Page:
This is the same general idea as plasma-style fractal heightfields.

I'm not sure if this would be compatible with your noise function or not.

The last thing I was trying to do was somehow keep deterministic random seeds in such a way that I could generate only a subset of the planet (the part that the player would be able to see) without having to generate everything the player couldn't see. I lost interest and focused on other projects since then.

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Quote:
 Original post by chessmaster42...The math that results in these equation is rather complex so don't ask me to try and explain it (also because I can't even remember all the math :P )...
This, and the post before it about mapping a square to a circle, has the derivation of the equation if anyone is interested.

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if you apply a heightmap to a sphere, you should really use a geodesic sphere rather than a traditional sphere since in a geodesic sphere triangles are all pretty much the same size which gives much nicer results when a heightmap is applied - detail is constant rather than it being extremely detailed at the poles, and un-detailed in comparison at the equator.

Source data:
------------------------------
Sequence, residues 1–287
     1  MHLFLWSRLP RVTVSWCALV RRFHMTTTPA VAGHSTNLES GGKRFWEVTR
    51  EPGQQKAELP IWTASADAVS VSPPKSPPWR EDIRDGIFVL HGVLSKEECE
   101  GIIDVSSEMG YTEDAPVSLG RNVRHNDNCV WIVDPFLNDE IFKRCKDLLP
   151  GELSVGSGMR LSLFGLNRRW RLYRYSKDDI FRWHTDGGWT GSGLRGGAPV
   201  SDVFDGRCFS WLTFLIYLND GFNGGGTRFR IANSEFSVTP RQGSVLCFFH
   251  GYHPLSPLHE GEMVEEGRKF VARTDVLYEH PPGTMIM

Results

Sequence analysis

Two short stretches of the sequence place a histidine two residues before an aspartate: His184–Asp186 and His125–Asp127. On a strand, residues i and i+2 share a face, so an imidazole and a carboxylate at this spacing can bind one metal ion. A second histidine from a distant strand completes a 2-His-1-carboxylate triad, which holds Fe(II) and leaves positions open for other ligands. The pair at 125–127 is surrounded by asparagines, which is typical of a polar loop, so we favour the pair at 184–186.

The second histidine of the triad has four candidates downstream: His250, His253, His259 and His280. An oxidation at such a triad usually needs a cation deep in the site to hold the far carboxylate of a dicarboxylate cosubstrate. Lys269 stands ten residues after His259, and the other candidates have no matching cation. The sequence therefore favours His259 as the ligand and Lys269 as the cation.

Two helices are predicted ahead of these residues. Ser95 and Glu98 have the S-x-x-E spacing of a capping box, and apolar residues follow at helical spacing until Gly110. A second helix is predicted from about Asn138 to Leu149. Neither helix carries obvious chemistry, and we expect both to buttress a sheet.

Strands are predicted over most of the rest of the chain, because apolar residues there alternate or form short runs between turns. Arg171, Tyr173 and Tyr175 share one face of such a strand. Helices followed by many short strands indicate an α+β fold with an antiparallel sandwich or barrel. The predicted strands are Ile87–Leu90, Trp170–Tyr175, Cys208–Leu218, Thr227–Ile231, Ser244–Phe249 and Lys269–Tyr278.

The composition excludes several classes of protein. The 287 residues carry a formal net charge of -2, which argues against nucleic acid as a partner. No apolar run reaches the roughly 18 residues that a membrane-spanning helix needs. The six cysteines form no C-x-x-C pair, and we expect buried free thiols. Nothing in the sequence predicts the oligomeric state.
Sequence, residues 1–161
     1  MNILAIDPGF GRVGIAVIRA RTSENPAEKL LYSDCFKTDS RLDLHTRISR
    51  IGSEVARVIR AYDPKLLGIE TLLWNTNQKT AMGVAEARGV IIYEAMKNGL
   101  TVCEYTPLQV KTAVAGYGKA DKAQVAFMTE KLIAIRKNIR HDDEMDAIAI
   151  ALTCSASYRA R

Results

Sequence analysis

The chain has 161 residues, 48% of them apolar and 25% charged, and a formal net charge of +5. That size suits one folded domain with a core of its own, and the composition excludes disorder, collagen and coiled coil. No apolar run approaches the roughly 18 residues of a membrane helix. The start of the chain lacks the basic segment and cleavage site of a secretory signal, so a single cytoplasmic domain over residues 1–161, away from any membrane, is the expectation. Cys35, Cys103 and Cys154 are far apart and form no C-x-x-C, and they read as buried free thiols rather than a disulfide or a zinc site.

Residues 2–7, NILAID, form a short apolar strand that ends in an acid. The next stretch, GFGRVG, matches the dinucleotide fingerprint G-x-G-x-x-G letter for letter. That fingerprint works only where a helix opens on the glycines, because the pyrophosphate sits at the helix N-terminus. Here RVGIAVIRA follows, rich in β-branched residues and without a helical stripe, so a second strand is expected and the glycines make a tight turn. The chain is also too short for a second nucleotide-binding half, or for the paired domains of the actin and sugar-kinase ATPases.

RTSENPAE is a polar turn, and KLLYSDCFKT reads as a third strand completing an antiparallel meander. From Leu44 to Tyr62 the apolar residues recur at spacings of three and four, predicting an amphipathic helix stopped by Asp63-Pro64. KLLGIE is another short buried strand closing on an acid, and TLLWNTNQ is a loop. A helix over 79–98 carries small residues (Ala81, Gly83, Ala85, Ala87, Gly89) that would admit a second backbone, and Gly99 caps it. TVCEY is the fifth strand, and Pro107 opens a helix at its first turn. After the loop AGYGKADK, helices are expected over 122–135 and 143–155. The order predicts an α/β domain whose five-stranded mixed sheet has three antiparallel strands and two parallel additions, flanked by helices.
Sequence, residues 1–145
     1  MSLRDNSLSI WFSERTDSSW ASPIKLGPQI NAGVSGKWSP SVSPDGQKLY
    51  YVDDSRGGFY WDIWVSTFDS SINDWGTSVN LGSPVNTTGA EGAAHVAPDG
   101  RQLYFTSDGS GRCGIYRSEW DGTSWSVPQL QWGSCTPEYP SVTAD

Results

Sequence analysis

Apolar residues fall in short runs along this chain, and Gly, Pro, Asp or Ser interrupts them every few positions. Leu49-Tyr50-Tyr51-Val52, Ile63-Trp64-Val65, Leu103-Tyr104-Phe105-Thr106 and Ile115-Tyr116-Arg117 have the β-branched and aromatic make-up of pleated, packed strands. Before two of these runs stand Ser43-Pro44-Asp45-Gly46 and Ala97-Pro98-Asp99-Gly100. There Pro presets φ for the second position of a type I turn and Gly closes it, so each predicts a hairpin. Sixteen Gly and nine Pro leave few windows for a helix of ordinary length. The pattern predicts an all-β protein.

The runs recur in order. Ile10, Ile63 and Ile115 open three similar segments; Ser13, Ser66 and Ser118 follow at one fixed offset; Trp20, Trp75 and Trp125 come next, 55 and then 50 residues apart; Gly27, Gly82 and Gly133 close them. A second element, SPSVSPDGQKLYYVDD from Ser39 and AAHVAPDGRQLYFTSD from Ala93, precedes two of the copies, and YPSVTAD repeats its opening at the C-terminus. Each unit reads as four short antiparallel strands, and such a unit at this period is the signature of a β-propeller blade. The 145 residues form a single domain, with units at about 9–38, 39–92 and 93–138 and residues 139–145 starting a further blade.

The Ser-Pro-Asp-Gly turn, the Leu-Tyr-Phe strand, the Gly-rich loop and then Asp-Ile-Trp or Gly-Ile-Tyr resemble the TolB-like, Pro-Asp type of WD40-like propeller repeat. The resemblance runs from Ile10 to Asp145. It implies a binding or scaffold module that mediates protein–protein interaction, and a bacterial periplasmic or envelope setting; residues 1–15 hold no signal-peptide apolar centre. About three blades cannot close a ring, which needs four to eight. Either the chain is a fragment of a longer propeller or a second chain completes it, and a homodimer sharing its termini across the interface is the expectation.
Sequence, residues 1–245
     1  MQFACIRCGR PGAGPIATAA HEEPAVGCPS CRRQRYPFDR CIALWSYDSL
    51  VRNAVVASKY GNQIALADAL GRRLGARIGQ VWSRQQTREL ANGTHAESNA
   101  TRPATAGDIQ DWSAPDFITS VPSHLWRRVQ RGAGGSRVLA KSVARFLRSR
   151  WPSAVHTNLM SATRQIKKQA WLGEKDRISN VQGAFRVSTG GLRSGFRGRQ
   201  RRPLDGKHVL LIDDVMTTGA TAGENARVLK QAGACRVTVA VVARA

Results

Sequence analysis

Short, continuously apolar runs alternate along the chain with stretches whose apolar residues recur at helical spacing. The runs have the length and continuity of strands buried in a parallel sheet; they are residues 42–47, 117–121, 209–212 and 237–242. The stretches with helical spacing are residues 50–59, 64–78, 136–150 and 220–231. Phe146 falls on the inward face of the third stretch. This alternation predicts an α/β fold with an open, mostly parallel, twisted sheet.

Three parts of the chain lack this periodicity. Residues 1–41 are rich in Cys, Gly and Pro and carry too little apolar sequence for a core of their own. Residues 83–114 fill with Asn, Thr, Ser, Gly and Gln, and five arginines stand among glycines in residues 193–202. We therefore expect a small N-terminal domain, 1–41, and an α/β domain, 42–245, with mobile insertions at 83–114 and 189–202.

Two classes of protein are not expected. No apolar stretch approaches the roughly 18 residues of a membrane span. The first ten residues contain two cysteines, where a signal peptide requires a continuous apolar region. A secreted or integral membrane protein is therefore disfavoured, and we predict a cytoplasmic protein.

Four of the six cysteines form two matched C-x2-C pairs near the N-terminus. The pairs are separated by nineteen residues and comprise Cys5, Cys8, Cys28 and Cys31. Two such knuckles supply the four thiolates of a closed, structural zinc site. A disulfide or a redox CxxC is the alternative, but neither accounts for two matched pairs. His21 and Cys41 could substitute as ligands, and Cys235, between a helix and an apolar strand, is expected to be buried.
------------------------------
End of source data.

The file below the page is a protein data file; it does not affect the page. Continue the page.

I did this myself a while back, writing my own functions to generate the geodesic sphere and perlin noise and applying it with normal calculations for triangle vertices etc, worked rather nicely.

http://www.ngup.net/view?file=528

no texturing just a brown coloured darkened via slope calculated from normal

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Hi

Im currently trying some Procedural modeling but having a hard time wrapping my head around the theory, mainly making spheres. Ive made a procedural cube using vertex and index arrays but I want to extend this to make a procedural sphere and make it woble/morph a bit in-game. Does anyone have any good links that explains the basics of it? I had a look at 'Kalidor' link but more help would be appreciated.